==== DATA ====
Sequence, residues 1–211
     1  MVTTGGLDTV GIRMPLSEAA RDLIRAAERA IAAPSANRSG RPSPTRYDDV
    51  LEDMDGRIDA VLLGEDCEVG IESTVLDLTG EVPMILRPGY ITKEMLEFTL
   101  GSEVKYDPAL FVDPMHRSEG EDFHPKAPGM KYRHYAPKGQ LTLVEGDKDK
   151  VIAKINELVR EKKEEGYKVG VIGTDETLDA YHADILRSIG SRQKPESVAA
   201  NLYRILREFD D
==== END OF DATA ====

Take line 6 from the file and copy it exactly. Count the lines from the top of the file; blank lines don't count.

   201  NLYRILREFD D